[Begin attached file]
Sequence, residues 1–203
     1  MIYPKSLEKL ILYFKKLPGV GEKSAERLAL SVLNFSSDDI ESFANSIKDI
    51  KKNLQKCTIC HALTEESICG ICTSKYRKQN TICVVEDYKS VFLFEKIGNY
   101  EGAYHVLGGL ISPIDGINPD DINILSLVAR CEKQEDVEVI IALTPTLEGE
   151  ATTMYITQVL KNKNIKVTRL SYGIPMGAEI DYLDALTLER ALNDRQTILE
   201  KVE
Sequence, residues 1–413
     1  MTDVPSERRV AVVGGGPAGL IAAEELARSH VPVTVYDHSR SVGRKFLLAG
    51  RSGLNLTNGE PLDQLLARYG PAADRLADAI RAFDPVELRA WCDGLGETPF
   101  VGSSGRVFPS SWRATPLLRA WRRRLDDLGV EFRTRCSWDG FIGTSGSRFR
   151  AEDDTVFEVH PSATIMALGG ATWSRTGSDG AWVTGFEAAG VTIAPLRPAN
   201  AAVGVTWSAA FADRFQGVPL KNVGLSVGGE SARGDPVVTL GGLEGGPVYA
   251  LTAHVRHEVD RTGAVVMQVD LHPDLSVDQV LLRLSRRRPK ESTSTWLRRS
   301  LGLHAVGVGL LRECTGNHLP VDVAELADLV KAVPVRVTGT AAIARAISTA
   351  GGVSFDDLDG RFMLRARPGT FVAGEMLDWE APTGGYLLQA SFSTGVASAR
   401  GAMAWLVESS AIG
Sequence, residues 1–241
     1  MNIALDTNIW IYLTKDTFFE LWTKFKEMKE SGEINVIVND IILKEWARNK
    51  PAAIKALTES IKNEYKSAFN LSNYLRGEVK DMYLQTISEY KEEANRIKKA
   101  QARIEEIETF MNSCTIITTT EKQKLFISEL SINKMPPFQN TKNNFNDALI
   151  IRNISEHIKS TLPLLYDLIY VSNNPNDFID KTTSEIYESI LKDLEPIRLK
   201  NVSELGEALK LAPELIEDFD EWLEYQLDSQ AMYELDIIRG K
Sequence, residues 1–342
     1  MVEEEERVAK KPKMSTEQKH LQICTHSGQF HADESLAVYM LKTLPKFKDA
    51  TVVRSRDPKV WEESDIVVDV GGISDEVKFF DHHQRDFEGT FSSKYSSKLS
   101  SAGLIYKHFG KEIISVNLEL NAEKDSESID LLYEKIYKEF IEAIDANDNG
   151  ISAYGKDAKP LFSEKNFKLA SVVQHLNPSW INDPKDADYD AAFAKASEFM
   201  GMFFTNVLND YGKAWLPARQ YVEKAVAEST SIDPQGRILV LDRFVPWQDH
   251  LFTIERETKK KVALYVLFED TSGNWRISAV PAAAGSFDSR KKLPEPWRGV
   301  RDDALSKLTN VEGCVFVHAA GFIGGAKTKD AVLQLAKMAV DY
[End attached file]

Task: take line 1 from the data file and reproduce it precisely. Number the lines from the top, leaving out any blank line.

Sequence, residues 1–203